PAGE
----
I first encountered this issue when I wrote the Lifetracks demo application last year around Thanksgiving, though I didn't recognize the problem for what it was at first. Lifetracks would work after deploying it, but I noticed after a few days it would be "down" and I'd have to re-deploy it. In February I was at a Microsoft event and mentioned this behavior, which I had chalked up to instability in the platform. When I received the advice to run more instances I was skeptical this would make any difference, but I'm happy to report Lifetracks has stayed up from the moment I did so, over 10 weeks ago. So I can attest this is a best practice from direct personal experience.

Some additional evidence is the 22-hour outage the Azure platform experienced in March 2009. If you read Microsoft's analysis of the problem, you'll note that single-instance applications were primarily affected while multiple-instance applications continued to be available. The guidance to run at least 2 instances is stated there.

Monday, April 27, 2009


Is it too soon to be talking about design patterns for Azure--a platform that hasn't been released yet? I don't think so: we already have oodles of functionality in the platform and patterns help us think about them and how they can be combined. And it's especially important during this pre-release preview period that we in the community confirm the platform gives us good, well-thought out patterns.

And so, is born.

Posted on the site currently is my initial enumeration of 14 foundation patterns for hosting, data, communication/sync, and security--with more to come. Over time I'll be providing a detail page on each pattern.

Coming soon: composite application patterns.

Neudesic Grid Computing Framework released

I'm please to announce the release of Azure Grid, the community edition of the Neudesic Grid Computing Framework. Azure Grid is available on CodePlex and includes source code.

Azure Grid provides a solution template and base classes for easily creating grid computing applications that execute on the Azure platform. It also includes a GUI for starting and monitoring job runs.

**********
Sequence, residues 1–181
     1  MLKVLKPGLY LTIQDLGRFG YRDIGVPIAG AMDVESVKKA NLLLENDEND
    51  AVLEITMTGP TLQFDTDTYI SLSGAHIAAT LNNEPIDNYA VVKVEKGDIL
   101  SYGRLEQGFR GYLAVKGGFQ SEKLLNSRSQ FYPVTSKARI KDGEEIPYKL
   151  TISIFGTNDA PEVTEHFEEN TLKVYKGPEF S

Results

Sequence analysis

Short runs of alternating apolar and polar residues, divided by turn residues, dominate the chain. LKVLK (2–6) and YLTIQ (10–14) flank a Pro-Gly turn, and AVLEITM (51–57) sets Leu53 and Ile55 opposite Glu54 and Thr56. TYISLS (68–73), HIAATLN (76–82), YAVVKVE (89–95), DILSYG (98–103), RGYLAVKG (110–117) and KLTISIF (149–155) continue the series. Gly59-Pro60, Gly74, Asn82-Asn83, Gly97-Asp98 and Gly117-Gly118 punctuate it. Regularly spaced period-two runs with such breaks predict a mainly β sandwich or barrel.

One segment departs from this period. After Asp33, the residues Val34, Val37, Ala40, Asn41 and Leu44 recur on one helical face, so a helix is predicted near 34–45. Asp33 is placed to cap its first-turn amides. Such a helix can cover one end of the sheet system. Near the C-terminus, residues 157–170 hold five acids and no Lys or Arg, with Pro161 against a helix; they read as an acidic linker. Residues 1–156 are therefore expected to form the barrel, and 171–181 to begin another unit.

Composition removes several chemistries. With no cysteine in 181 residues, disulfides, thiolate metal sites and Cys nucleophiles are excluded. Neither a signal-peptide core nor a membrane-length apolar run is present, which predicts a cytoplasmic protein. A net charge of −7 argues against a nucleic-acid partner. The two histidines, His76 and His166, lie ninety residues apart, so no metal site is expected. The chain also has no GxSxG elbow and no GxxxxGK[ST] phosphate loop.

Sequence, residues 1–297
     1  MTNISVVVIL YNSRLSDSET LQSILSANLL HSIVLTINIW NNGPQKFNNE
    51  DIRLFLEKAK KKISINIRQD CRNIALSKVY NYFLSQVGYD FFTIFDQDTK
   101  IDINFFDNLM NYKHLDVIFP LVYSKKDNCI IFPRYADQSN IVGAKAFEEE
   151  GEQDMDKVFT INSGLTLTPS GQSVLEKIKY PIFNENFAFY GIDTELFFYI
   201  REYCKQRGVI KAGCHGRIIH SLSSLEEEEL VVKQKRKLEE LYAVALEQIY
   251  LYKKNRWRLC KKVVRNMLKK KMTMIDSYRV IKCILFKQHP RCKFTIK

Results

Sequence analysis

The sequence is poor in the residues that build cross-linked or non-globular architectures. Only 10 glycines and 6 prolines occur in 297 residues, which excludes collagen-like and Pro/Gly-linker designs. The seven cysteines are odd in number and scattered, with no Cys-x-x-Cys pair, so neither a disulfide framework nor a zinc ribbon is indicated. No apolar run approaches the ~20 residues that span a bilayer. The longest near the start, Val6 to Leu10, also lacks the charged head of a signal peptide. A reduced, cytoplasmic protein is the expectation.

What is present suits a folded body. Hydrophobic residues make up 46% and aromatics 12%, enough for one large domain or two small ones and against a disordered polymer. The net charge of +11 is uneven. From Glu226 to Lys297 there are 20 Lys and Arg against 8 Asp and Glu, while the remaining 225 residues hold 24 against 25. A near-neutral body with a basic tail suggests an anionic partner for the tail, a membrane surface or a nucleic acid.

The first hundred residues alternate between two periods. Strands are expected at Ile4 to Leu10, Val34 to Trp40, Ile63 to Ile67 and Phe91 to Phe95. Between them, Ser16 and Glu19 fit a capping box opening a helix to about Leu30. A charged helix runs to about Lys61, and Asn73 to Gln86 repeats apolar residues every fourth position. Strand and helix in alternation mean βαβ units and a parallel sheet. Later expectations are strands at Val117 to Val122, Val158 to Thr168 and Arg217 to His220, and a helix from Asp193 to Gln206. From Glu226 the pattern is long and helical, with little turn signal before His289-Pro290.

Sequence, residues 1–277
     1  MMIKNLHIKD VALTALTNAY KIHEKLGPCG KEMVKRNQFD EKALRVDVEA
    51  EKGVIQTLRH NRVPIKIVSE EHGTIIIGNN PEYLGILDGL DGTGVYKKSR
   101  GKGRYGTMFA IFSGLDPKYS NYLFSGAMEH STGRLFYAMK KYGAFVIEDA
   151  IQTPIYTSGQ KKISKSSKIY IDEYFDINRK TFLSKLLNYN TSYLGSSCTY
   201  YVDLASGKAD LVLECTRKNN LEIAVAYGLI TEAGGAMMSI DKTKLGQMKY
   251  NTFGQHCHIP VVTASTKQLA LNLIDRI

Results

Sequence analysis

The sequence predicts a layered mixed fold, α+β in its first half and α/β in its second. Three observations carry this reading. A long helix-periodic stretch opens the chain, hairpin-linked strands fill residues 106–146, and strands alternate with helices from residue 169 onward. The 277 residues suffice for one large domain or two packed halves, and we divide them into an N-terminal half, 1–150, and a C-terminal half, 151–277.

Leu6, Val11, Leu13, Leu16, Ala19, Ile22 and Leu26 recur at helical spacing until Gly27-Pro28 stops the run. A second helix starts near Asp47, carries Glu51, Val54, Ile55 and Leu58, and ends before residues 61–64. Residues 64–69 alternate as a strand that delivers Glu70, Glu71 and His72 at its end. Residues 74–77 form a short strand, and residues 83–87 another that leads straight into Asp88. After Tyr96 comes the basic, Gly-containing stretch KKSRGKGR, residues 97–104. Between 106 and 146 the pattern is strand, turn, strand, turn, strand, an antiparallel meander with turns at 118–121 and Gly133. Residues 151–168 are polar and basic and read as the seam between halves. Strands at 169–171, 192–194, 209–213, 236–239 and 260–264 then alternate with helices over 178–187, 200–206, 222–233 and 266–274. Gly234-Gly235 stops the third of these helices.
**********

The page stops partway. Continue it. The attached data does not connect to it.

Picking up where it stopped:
I've already blogged extensively about grid computing and Azure Grid in my 3-part article series on Azure grid computing:

Part 1: A Design Pattern for Grid Computing on Azure

Part 2: Coding an Azure Grid Application

Part 3: Running an Azure Grid Application

Saturday, April 25, 2009

Grid Computing on the Azure Cloud Computing Platform, Part 3: Running a Grid Application

In Part 1 of this series we introduced a design pattern for grid computing on Azure and in Part 2 we wrote the code for a fraud scoring grid computing application named Fraud Check. Here in Part 3 we'll run the application, first locally and then in the cloud.

The framework we're using is Azure Grid, the community edition of the Neudesic Grid Computing Framework.

We'll need to take care of a few things before we can run our grid application--such as setting up a tracking database and specifying configuration settings--but here's a preview of what we'll see once the application is running in the cloud:

Let's get our set up out of the way so we can start running.

The Grid Application Solution Structure
Azure Grid provides you with a base solution template to which you add application-specific code. Last time, we added the code for the Fraud Check grid application but didn't cover the solution structure itself. Let's do so now.

Our grid computing solution has both cloud-side software and enterprise-side software. The Azure Grid framework holds all of this in a single solution, shown below. So what's where in this solution?

• The GridApplication project contains the application-specific code we wrote in Part 2. As you'll recall, there were 3 pieces of code to write: task code, a loader, and an aggregator. The other projects in the solution host your application code: some of that code will execute cloud-side and some will execute on-premise.
• The Azure-based grid worker code is in the AzureGrid and AzureGrid_WorkerRole projects. This is a standard Azure hosted application with a worker role that can be deployed to an Azure hosting project using the Azure portal. Your task application code will be executed here.